That’s the thing that is the hardest to understand – that not everyone is reasonable – that even if the jellyfish tornado can use words and form sentences, that does not mean it is reasonable. I did not know that at first. I think I half hoped she’d read my blog, realize it was all a misunderstanding, call me up to apologize and then invite me to come sing duets with her in her studio. (I don’t think I truly believed this but my inner teen fan from 1988 might have.) But instead, she tweeted out something nasty in response and outed herself as the redacted troll mentioned within. It was an extraordinary self-own.

But see, I know she’s a jellyfish tornado now. I’m still scared of her but mostly I try to stay clear of her path. If I have to go inside and lock the door until the tornado has passed, I can do that – and I’d rather do that than go outside and end up with a face full of jellyfish. I can often tell who has run into some kind of jellyfish tornado before. They are the first people to tell you, “I can see why you think that reasonable appeal will help. But you might want to just skip ahead to locking your door because it probably won’t work. And definitely don’t invite that tornado in your house.” Once you’ve been in one jellyfish tornado, you get a feel for these things. I’m one of those people now.

I don’t know what we’re to do with all these tornados. Are they inevitable? Is there no way to neutralize them? Or stop them showing up in your neighborhood? If there are answers to that, I would like to know – because this is not the only jellyfish tornado in the world. The only thing I’ve figured out how to do is call a jellyfish tornado a jellyfish tornado when I see one and do my best to not get caught up in it. I may be tempting fate by telling you about all this. Maybe I’ll draw the tornado back in my direction by writing about it. But I’ve also learned to reach out to friends and ask for cute animal photos when the tornado appears for whatever mercurial reasons tornados have. Hopefully, I won’t need more photos of kittens anytime soon. Or fluffy clouds.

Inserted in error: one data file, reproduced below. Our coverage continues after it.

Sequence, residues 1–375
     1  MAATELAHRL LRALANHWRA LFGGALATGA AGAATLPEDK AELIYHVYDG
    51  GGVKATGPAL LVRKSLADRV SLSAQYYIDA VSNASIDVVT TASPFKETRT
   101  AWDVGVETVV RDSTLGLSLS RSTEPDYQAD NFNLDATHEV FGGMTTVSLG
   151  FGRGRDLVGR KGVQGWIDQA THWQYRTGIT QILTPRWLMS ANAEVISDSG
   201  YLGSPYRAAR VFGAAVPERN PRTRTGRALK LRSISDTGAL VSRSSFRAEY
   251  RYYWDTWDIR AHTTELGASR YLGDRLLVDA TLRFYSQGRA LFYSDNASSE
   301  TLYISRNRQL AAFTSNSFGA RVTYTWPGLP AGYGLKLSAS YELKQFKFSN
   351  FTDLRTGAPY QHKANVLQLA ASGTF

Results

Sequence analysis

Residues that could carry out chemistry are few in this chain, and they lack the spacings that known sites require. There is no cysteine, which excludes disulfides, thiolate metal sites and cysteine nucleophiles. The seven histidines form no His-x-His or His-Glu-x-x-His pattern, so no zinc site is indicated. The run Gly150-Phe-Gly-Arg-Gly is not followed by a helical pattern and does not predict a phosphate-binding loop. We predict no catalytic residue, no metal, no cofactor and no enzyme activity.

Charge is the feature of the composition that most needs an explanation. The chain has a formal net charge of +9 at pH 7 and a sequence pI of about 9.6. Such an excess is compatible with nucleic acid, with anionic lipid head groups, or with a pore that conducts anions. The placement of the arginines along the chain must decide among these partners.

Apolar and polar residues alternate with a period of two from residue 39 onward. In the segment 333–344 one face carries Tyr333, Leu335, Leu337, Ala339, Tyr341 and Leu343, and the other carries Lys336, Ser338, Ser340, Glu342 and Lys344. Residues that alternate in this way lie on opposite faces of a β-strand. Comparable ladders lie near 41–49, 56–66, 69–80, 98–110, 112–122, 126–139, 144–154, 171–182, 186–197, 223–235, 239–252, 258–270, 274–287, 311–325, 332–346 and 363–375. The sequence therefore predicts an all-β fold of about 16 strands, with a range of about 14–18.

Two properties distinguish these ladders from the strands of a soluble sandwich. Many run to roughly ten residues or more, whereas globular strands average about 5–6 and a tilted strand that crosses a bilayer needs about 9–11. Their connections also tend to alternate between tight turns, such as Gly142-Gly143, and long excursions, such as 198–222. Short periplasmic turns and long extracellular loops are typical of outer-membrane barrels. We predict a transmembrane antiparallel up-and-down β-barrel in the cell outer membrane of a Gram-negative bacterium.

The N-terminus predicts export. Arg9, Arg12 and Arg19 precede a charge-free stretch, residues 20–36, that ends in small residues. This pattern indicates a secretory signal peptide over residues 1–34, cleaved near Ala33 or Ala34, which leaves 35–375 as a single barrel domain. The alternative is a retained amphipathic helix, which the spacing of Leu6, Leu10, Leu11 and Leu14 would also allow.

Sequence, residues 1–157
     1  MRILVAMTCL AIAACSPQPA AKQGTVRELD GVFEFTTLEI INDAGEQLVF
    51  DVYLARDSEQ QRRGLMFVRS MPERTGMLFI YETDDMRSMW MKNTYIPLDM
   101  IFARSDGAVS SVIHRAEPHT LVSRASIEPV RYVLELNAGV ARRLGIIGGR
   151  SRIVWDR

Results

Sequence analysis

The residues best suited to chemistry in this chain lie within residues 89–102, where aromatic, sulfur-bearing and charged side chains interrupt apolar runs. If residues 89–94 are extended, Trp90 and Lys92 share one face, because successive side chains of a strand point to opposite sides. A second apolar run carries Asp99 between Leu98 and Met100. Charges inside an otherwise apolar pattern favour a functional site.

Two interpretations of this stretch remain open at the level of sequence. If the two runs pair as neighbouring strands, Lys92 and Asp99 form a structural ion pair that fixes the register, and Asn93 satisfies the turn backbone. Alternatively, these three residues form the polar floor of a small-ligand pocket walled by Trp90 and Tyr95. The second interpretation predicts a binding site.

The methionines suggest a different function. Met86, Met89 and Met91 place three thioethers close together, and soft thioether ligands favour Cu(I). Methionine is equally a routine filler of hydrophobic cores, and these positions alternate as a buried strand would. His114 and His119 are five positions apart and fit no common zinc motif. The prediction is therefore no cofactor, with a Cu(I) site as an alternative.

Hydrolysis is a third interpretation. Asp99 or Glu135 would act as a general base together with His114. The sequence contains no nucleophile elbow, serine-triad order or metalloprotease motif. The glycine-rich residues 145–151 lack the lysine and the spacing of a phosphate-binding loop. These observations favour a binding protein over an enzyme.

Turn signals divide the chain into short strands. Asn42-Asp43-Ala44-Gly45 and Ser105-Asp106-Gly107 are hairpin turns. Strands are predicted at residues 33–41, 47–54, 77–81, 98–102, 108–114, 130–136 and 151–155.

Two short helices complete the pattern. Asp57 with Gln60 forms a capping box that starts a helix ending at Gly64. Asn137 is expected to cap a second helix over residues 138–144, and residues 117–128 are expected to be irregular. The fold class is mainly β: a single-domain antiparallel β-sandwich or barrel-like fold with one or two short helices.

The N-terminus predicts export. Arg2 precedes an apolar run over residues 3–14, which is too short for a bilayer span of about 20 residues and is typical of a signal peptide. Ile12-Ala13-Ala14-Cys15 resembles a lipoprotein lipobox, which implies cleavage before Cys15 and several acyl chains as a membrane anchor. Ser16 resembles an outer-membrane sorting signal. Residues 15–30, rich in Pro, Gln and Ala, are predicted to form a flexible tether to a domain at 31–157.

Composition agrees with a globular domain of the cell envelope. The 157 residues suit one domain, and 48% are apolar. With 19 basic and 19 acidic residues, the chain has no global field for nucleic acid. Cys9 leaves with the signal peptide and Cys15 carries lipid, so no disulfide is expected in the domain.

Such cute kittens. Probably looking up at some fluffy clouds, don’t you think?

This post was brought to you by my patrons on Patreon.

They also bring you the podcast version of the blog.

It’s also called Songs for the Struggling Artist.

You can find the podcast on iTunes, Stitcher, Spotify or wherever you get your podcasts.

screen-shot-2017-01-10-at-1-33-28-am

Every podcast features a song at the end. Some of those songs are on Spotify, my websiteReverbNation, Deezer and iTunes

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Want to help counter act the bad vibes from this situation?

Or give me some kitten and fluffy cloud vibes?

Become my patron on Patreon.

Click HERE to Check out my Patreon Page

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If you liked the blog and would like to give a dollar (or more!) put it in the PayPal digital hat. https://www.paypal.me/strugglingartist

Or buy me a coffee on Kofi – ko-fi.com/emilyrainbowdavis

 





Anger Is My Superpower
January 16, 2019, 1:54 am
Filed under: feminism, Uncategorized | Tags: , , , , ,

Up until my mid 20s, I would have sworn to you that I did not feel anger. And I didn’t. I didn’t experience what I felt as anger. Mostly I cried. There were tears, lots and lots of tears and since I thought tears meant sadness, what I felt was sad, not mad. Anger was so foreign to me during my prime acting years that I worried about playing parts that required me to be angry. I could play anything but anger. My, how times have changed. Now, anger is my super power.